Thanks again for sharing your journey.

    • says


      Thanks for stopping by. Always good to hear from you!

      It sounds like you’re doing great in the frugality department, and on some levels you’re doing better than I am. I don’t make my own detergent (but I do use the cheap stuff), nor do I use microfiber towels (I rarely use paper towels, however). You’re really taking it by the reigns there! I’m really glad to hear that.

      I never really came from an hyper-consumer background. I’ve always been a bit frugal all my life except for a stint when I was 21 and went a bit crazy. Taking it from “relatively” frugal to “extremely” frugal wasn’t that much of a stretch, but at this point in time I wouldn’t mind boosting the budget by a couple hundred dollars a month. I’d still be saving over 60% of my income and have room for some of the things I enjoy, like good food.

      With that said, I don’t think you have to spend money to have fun…but it’s important to focus on what you derive pleasure from (in terms of value) and focus on those items.

      Great stuff. I’m glad to hear you’re running away with it!

      Best wishes.

  6. says

    I am so happy that you made these choices for yourself. I personally thought you should re-join the gym. I know for me, if I can ‘get my sweat on’ I feel so much better about myself, there is something about going to a gym and being around other people with similar goals. Great choice!
    I rarely treat myself to Sbux anymore, but when I do get fancy coffee, it’s usually a treat while traveling and I honestly enjoy it more.
    Nice you were able to enjoy a Sushi dinner, that’s what I’ve been craving lately, last time hubs and I had it, was around xmas, I think it’s about time for a Sushi splurge :)

    Keep posting! You provide inspiration to so many.

    • says


      First, congrats on starting your own blog. I wish you the best with that!!

      I understand where you’re coming from and it sounds like you’re finding a pretty healthy balance between quality of life and frugality, and you’re able to discern the amount of value you should place on an expense in terms of pleasure derived. That’s what it’s all about.

      Have fun with your sushi dinner. I know that, personally, if I could eat sushi three times a week I would! It’s an amazing food.

      Thanks for the compliments! It’s much appreciated, especially as blogging becomes time consuming and one wonders how much impact it really makes.

      Good luck with your own blog. I’ll make sure to stop by.

  7. says

    What!? A car? Gym membership? Cell phone? I bet next you are going to tell us you’re no longer eating PB&J. What is the world coming to?! Ok, I hope you know I’m saying this in a joking way. I have the utmost respect for you DM and I have enjoyed watching you grow in your journey to FI.

    I’m still in the frugal mindset myself. I don’t have a cell phone, no car (well that is not true, I do have one back home)and no tv. I guess I live the “boring” lifestyle that has been mentioned, or do I?
    I read and have started writing more than I ever have in my life. I think it is easy to assume that if a person is not spending money then they must be miserable. I think this is a mistake and is a reflection of our modern way of living where everything cost something.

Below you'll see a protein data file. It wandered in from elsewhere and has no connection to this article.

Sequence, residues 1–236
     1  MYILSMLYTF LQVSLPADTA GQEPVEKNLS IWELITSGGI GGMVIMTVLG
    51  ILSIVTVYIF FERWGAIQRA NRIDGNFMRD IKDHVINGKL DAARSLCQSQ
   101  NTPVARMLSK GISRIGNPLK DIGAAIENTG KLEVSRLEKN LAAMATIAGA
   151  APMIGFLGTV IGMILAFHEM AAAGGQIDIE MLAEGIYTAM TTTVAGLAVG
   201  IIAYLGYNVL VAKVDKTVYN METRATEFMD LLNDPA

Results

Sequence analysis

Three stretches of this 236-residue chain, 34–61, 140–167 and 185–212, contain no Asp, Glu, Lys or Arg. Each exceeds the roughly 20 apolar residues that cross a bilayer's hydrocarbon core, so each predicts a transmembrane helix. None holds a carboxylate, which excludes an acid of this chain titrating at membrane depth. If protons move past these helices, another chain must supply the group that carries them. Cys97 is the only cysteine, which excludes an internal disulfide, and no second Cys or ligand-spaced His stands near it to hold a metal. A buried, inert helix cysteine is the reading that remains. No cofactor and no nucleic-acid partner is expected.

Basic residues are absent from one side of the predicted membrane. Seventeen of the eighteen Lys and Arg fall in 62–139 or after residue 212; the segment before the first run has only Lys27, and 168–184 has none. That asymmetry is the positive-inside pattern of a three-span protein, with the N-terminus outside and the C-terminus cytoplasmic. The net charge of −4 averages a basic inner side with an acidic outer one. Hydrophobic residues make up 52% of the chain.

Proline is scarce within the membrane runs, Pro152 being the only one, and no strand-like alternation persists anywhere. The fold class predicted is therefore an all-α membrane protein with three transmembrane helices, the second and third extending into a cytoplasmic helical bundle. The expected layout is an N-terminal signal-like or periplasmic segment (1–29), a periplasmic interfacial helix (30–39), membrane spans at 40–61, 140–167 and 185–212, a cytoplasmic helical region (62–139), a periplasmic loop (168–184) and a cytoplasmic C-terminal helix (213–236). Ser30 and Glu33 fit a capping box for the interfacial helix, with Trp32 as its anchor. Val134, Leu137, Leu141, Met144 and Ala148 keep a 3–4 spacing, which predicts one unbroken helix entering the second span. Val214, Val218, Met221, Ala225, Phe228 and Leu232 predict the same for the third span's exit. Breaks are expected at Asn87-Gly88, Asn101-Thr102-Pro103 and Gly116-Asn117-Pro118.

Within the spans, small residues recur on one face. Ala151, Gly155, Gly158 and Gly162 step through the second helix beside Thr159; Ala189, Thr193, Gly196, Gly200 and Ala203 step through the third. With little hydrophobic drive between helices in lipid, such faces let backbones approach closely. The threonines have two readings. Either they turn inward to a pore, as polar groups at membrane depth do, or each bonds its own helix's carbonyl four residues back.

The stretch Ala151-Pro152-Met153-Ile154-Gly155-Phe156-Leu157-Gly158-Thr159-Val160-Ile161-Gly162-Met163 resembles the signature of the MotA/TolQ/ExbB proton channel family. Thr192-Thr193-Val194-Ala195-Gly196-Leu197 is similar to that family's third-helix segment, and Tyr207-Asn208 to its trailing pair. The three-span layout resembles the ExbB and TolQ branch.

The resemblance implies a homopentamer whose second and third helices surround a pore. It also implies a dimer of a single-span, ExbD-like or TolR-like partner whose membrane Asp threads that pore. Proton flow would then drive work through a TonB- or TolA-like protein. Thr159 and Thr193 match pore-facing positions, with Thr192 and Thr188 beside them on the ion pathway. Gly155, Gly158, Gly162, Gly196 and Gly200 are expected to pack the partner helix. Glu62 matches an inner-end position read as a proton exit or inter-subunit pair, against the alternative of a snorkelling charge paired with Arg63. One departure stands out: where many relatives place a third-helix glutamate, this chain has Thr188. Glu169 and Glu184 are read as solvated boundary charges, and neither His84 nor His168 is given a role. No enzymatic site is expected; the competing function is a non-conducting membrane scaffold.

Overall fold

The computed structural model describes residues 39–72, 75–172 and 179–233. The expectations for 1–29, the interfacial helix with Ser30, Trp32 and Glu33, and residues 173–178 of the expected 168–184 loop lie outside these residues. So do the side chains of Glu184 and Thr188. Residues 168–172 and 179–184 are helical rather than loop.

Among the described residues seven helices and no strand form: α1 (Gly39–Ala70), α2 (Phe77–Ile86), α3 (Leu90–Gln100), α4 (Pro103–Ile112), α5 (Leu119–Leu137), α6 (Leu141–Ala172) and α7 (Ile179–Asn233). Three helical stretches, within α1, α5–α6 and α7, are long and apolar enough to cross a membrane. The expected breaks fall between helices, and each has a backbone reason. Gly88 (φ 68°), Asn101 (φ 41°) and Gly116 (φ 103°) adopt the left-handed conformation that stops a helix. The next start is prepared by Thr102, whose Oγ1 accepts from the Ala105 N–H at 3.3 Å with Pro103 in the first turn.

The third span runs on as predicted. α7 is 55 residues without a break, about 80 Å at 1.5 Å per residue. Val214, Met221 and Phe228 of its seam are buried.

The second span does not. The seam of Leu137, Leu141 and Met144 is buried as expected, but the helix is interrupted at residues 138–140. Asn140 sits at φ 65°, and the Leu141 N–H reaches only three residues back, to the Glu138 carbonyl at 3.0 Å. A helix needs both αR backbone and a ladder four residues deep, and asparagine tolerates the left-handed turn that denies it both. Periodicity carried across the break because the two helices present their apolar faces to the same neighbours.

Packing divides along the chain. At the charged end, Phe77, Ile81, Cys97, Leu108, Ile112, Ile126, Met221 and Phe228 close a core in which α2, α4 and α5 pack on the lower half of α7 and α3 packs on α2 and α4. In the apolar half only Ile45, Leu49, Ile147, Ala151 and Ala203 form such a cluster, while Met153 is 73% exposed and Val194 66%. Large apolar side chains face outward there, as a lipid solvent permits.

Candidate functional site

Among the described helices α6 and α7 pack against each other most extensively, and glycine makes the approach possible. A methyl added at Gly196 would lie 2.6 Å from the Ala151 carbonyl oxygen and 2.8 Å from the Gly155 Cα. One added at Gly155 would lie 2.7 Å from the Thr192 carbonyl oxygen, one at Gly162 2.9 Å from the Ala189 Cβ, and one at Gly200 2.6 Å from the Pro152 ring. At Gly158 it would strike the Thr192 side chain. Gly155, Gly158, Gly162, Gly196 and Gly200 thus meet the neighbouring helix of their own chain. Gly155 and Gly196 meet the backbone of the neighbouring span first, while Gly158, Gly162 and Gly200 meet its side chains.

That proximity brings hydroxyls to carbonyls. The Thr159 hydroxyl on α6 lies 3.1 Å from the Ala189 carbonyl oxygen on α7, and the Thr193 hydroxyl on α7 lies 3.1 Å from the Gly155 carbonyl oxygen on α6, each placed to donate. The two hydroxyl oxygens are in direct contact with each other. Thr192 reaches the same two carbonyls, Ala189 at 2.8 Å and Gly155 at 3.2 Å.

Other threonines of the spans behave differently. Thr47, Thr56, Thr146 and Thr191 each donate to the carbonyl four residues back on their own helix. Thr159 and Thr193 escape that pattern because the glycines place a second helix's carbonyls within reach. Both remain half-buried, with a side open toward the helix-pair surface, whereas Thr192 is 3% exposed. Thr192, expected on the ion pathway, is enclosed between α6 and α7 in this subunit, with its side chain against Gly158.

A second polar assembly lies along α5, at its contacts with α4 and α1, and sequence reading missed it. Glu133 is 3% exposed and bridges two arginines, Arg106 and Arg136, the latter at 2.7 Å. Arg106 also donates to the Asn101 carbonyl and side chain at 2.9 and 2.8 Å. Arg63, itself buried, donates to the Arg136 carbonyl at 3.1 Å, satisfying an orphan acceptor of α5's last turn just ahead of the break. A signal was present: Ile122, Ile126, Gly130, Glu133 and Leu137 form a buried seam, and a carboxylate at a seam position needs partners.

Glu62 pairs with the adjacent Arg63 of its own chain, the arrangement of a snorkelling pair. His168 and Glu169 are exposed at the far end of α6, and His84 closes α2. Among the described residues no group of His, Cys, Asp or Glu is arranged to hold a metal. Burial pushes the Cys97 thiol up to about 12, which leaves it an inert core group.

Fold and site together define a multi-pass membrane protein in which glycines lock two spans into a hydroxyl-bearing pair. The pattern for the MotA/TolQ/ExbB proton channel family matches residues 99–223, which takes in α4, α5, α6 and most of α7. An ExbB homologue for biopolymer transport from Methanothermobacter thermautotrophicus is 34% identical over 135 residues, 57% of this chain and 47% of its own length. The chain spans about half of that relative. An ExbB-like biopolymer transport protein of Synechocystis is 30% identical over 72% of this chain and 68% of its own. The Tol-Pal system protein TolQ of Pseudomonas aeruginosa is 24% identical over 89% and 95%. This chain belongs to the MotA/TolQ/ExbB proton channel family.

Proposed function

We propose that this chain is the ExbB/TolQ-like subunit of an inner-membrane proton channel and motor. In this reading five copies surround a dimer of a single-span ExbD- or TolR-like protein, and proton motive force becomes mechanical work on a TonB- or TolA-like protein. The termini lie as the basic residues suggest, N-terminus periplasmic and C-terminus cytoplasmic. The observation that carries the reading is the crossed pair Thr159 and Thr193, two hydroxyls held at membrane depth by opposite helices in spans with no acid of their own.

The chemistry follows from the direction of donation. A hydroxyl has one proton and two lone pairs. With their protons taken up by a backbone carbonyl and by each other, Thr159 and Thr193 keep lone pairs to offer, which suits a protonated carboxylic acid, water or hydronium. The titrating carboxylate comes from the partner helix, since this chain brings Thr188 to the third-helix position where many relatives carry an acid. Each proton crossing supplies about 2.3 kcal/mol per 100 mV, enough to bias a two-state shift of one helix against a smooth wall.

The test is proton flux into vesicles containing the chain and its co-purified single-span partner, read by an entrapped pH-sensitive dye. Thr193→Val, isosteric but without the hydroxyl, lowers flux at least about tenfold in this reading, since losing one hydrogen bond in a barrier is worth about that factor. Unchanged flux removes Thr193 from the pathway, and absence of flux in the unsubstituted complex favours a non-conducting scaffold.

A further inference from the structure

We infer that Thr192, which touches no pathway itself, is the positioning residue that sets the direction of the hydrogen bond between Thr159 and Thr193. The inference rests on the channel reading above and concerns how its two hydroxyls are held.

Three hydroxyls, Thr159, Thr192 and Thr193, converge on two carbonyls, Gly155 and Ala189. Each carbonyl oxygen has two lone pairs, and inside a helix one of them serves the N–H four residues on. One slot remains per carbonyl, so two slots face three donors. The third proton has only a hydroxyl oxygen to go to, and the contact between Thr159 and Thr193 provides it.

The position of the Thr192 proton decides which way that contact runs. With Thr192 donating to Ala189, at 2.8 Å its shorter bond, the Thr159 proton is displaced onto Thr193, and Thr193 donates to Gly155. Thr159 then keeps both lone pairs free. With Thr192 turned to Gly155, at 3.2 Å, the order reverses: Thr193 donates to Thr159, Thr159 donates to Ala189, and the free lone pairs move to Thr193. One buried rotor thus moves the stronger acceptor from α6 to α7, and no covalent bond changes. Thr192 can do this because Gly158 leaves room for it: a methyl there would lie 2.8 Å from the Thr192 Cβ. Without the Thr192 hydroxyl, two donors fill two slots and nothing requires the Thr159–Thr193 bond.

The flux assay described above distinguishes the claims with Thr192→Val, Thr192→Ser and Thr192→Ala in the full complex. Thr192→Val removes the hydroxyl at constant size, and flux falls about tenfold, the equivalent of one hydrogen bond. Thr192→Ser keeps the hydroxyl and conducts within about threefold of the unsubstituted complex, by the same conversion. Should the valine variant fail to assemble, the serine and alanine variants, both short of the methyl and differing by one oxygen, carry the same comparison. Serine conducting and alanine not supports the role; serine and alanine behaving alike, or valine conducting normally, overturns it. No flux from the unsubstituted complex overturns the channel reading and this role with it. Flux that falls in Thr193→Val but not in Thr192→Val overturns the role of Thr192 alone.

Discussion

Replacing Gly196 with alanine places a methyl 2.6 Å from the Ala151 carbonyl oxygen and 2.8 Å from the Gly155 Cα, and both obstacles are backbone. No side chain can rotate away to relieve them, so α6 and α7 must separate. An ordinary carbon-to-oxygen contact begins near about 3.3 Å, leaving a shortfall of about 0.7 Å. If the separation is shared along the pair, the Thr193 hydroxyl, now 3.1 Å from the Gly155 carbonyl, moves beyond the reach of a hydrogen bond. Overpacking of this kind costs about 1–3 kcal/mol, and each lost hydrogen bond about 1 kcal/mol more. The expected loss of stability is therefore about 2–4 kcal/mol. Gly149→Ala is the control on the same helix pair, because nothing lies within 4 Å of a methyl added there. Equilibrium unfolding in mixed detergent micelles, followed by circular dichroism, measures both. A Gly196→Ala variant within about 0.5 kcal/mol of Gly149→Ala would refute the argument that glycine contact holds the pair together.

I think the key to your article is finding balance and that will be different for everyone. It might be helpful to know that I spent the past 20 years of my life spending everything I made and only changed my ways a few years ago due to some devestating circumstances in my personal life. This has probably skewed my view of spending these days.

    Excellent post DM, insightful as usual and the reason I keep coming back.

    • says


      Thanks for stopping by. Sorry I didn’t respond yesterday. For some strange reason this comment went to the spam box. I changed that this morning.

      I totally agree with you that you don’t need to spend money to have fun. I think it’s important to find the right balance between value and price, and only you know what’s “worth it” in terms of what kind of value you place on objects or experiences. I’m still trying to find that value, and I believe I’m getting pretty good at it now.

      Thanks for the compliment. I’m also enjoying your blog. I hope we both have a great 2012!

      Best wishes!

  8. says

    I’m a big believer in avoiding installment payments for services whenever possible. This has helped us become more frugal.

    On the VOIP topic, my wife and I bought a hardware solution: OOMA. It was an up-front cost of $200, but since then we have not paid a cent for (landline) phone service. Both of us work from home rather frequently, so we try to avoid the lower call quality of cell phones when on business calls. Since we bought the OOMA in 2009, 28 months have passed, meaning our average monthly cost for home phone service is a little over $7 per month, and it drops with each passing month. But of course that $200 was paid long ago, and does not impact our current cash flow.

    Similarly, I bought a nice, high-quality UHF/VHF antenna for our TV and installed it last year. We cut the cable TV subscription and don’t plan to pay for TV service again. The broadcast signals are as clear as (if not clearer than) the cable signal, and there is no monthly cost. The price of the antenna itself was less than $80, plus the implied cost of my labor to set it up.

    Someday I hope to install some combination of solar/wind generators so that I can minimize (or eliminate) our electricity bill.

    These sorts of actions seem similar to the Dividend Mantra, where an initial capital purchase produces future returns, in this case in the form of lower monthly expenditures.

    • says

      The Executioner,